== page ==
After dusk, I decided that some much needed late-evening relaxing time was in order and promptly set off walking towards the bank of Lake Pichola. Numerous little roof-top restos dot the area, serving everything from authentic Rajasthani to some good world cuisine, and after a bit of searching, I climbed up to one, untied my shoes, put my feet up and let out a sigh of relief, all with a beautiful lake view to go with the mint tea and croissants. The crowd, the ambience, the crisp cold air – all of it reminded me so of Manali or Leh, minus the Himalayas in the distance. The point about Udaipur is that it has developed enough as a tourist hot-spot that it will have something to please everyone, right from restos to sights and hotels. After doodling, letting the camera take in the sights and basically unwinding for multiple hours, I finally decided to drive back to a secluded home stay outside the city. It’s called Mountain Ridge and save the absolutely rubbish path to get there, it’s a little too much like the dream holiday home you wanted all for yourself. Its run by a Brit called Piers, isn’t very crowded, while the staff is great and so is the home-style grub. Dinner was spent chit-chatting with a family of lawyers and later, post-dinner time was enjoyable under the stars, with late-40s swing setting the mood just right. A humungous chorus of the crickets had just begun their late-evening tenor practice, with frogs and wasps providing subtle but noteworthy backing lows and mids. I won’t exaggerate when I say that that night’s sleep was one of the best I’ve had in a long time.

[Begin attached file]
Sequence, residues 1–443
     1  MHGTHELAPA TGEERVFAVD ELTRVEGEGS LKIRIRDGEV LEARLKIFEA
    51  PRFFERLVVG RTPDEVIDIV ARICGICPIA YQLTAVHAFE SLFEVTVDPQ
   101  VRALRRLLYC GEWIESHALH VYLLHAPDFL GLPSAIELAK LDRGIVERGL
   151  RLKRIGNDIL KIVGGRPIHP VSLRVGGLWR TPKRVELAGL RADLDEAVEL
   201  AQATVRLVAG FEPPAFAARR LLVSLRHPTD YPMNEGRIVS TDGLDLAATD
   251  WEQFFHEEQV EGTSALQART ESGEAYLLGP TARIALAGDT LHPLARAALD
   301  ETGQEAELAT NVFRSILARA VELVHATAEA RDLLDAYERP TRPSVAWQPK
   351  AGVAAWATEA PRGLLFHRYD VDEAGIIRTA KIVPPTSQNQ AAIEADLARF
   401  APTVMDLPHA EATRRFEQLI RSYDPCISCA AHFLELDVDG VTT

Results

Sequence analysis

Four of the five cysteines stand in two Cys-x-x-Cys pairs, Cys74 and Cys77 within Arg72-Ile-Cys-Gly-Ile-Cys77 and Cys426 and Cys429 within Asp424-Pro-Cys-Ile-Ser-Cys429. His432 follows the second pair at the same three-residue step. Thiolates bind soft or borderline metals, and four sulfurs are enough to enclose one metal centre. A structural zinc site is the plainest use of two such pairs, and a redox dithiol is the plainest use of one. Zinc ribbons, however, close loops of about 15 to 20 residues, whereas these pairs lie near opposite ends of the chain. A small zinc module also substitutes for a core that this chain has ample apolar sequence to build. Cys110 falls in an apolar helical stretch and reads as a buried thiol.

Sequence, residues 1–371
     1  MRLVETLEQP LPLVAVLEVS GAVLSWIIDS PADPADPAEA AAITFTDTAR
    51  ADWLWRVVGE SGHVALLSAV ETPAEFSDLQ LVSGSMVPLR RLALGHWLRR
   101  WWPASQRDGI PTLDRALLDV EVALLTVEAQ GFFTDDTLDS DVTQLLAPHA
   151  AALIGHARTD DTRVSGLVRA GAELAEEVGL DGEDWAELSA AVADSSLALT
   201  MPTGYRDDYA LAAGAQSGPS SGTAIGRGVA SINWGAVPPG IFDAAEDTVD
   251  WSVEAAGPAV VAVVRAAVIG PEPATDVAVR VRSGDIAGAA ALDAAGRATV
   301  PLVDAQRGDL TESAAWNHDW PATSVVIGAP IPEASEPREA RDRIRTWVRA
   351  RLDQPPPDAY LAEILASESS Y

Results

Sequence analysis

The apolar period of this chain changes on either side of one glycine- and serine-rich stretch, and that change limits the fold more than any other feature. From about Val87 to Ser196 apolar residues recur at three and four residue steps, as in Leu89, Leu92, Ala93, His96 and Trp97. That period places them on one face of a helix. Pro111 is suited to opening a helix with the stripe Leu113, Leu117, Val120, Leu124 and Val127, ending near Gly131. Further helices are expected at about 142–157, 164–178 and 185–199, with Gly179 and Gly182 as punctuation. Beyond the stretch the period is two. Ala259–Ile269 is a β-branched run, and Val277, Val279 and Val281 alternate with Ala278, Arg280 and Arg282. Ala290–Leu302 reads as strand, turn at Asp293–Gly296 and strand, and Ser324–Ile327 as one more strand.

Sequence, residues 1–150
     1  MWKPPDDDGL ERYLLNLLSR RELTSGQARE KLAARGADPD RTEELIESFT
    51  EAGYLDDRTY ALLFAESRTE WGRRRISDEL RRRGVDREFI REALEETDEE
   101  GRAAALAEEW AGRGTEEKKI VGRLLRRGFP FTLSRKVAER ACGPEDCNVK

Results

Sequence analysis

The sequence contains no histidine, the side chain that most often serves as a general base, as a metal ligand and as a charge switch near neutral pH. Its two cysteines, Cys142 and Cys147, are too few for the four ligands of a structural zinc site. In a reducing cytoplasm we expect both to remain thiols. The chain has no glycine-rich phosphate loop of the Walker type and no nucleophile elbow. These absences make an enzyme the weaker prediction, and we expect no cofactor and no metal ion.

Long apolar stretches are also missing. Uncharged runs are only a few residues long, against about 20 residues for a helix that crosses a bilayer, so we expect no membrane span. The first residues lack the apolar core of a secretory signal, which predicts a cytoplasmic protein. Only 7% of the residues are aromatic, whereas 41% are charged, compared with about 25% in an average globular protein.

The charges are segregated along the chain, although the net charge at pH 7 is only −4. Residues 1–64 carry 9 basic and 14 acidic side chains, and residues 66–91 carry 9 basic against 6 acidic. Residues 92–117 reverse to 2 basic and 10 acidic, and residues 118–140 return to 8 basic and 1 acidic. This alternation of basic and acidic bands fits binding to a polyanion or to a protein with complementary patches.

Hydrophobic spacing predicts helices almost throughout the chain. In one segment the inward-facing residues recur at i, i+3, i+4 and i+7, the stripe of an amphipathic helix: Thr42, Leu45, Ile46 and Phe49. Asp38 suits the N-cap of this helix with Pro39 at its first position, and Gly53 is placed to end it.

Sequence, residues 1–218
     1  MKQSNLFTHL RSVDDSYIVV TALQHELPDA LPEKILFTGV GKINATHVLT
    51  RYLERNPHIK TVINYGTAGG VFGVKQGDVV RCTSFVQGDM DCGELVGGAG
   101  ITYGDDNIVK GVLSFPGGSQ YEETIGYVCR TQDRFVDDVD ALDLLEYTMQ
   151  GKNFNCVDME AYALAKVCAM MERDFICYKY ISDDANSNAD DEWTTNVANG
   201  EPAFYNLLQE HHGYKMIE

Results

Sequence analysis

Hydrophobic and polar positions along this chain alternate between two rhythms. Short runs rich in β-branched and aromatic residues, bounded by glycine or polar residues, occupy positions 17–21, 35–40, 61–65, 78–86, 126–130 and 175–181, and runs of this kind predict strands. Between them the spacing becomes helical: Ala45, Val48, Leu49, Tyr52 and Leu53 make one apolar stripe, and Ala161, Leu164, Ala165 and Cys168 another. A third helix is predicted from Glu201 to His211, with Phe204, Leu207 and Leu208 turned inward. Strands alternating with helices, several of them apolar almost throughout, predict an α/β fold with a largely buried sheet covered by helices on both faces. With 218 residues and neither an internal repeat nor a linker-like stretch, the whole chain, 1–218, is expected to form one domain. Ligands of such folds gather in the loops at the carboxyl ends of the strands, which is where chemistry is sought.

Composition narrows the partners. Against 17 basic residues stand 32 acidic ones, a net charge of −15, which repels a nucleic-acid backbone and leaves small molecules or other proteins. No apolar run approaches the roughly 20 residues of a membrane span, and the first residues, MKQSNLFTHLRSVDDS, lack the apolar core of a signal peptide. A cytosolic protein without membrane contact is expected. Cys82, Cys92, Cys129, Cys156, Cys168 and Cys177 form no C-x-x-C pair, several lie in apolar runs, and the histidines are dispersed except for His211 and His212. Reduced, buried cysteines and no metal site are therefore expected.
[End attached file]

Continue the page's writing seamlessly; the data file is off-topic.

I’m up at daybreak the next day and everywhere I look there is something exquisitely interesting to feast my eyes upon. Turn of the head towards the right and there’s a magnificent fort atop a hill, bathing in the glow of the dawn sky, the creepy half-moon dropping down gradually behind it making the setting even more marvellous. Staring into the distance I could see the flickering swarm of lights from a city only waking up and it occurred to me that no matter where you’ve been before, Udaipur will seem exotic. There’s a certain degree of magic in the air and it’s something hard to part with. Not for nothing is it rated one of the finest places to visit on planet Earth by reputed publications. As I said, whether you’re tramping it all by yourself or with the ones you love to travel with, to truly experience the heart and soul of a city, all you have to do is let go.
Udaipur might seem to be fairly high-end and extravagant from the outside but with some research done before-hand, you can land some really good deals, even in the peak season. A number of very clean, off-beat and fresh inns are on offer – be it a homestay or a small boutique hotel. Mountain Ridge near Sisarma (Rs 1700 onwards) is recommended if you love your peace of mind – extremely relaxing, homey and tastefully done – the approach road is a pain though. On the lake front, there are hotels left, right and centre at various price points. It’s much noisier inside the city, and if you look at a holiday as a break from the life as an urban rat, avoid this place at all costs. Hotel Hibiscus (Rs 1800 onwards), The Tiger and Jaiwana Haveli (Rs 2000-2800) are good places to bunk at. If it is Bond-grade luxury you’re looking at, every nickel and dime will be shaken and stirred out of you, but the experience will be well worth it. Think Lake Palace (45 bloody thousand a night), the Leela Palace Kempinski or The Oberoi Udaivilas (both cheaper at Rs 20-35,000/night). With the recent financial crisis Britain has been through, don’t be surprised if you spot 007 in the neighbouring room at Mewar Haweli.